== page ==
A new study places Sacramento near the bottom of apartment accessible cities, ranking far below cities other California cities like San Francisco and Oakland.
The study by RentCafe.com took into consideration the share of accessible apartment stock in cities and how it changed between 2011 and 2017. It aimed to decipher the percentage of housing stock a renter with a City’s median income can afford without being rent-burdened (more than 30 percent of household income) in the 50 largest cities.
Sacramento's affordability rate was 32 percent for 2017, a one percent decrease from 2011. Even though Sacramento's median income increased by 31 percent, it had a 27 percent median gross rent increase.
The breakdown for Sacramento is as follows:
Sacramento median income change – 31 percent
- 2011 - $32,129
- 2017 - $42,164
Sacramento median gross rent - 27 percent
- 2011 - $954
- 2017 - $1,215
In a public workshop on rent control and affordable housing in September, Sacramento's Assistant City Manager Michael Jasso said that Sacramento was the fastest growing of the 10 largest cities in California and that there are not enough units being built to sustain this growth.
He added that the insufficient supply of affordable housing and rents have been rising at dramatic rates, making it difficult to find rent that people can afford.
Why San Francisco has more accessibility than Sacramento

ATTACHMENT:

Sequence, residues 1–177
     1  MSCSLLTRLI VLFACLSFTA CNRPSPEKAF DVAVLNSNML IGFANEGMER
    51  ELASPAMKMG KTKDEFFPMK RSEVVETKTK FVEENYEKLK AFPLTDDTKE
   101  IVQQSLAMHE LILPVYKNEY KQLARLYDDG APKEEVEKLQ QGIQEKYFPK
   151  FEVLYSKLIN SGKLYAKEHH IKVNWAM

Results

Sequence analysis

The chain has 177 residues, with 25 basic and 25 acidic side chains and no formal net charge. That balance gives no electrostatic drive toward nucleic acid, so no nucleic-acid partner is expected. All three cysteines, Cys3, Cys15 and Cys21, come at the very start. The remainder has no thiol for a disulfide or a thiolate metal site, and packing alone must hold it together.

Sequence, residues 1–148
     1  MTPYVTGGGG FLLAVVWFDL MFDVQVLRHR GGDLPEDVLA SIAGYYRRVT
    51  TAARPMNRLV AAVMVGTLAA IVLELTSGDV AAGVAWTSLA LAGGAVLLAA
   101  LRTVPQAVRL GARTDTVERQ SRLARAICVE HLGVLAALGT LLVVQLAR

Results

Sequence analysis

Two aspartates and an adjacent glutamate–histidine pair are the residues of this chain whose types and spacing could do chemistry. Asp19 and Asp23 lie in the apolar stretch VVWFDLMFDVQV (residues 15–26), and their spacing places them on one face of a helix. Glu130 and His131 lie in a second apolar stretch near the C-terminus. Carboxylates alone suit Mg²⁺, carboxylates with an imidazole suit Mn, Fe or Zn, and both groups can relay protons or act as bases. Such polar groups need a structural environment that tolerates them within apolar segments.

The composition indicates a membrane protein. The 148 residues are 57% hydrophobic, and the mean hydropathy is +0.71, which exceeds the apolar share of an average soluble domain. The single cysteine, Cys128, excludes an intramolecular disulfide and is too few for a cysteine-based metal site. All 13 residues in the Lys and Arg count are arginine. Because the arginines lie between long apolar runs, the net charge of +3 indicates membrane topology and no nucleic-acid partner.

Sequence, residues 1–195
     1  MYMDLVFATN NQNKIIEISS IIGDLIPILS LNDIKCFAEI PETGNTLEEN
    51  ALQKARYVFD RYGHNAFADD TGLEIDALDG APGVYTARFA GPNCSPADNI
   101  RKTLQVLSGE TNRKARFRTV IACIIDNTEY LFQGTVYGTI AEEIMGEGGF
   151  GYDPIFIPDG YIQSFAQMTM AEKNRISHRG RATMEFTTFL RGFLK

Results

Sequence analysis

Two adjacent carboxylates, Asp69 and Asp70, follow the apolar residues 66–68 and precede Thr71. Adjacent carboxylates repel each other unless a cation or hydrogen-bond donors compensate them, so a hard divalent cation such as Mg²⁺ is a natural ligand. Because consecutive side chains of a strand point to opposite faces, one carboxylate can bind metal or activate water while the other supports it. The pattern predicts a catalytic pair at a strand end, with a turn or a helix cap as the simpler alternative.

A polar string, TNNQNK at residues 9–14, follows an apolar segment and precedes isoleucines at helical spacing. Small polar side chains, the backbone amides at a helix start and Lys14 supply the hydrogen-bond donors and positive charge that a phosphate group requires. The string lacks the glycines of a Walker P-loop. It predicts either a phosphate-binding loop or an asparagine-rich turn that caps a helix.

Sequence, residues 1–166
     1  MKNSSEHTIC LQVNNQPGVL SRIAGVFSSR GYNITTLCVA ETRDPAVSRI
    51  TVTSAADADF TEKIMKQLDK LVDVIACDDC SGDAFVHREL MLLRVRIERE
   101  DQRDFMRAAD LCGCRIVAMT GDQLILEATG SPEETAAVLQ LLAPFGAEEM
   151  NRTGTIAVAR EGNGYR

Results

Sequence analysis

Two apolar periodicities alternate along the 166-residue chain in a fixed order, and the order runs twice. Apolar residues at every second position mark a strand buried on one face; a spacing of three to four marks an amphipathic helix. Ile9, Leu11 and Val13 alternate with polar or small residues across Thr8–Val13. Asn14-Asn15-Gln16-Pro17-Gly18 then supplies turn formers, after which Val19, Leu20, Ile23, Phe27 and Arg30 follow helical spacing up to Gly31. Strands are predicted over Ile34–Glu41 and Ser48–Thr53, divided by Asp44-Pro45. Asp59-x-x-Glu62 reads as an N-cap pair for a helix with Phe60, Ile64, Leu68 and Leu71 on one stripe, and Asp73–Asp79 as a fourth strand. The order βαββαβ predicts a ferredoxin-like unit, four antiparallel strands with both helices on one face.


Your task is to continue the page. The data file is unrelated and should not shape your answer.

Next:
According to RentCafe, San Francisco's accessibility has to do with bigger paychecks and rent control. San Francisco has a median income that nearly 2.4 times the national level and about 2.2 times what a Sacramentan makes in median income.
In addition, the rate was also influenced by San Francisco’s share of rent-controlled units, about 60 percent. While income increased 67 percent, the rent change was only 30 percent. In contrast, an analysis from the City of Sacramento shows that the Sacramento median income has been stagnant while rents are increasing.
According to RentCafe, one of the indirect effects of San Francisco’s benefit from the housing market has been a median home price increase to $1.5 million. They added that this leaves renting as “the only way to go for many”.
Nationwide, the accessibility rate is 49 percent, an increase of 11 points from 2011, and incomes increased nationwide by 26 percent as compared to 2011. The change in rent was 16 percent.
One detail that the study points to is that the highest accessibility rates come from solid incomes as opposed to cheap rents and that areas with a tech industry perform well in terms of renter incomes. With the addition of a secondary housing market, the study adds that this leads to "the recipe for the apartment market with the highest rate of accessibility.”
One more before you go... Rent control is a big topic for the upcoming 2018 election. This election will decide on whether rent control policies in California will be able to expand. Brandon Rittiman takes explains the ins and outs of Proposition 10 and what your vote will mean in the election.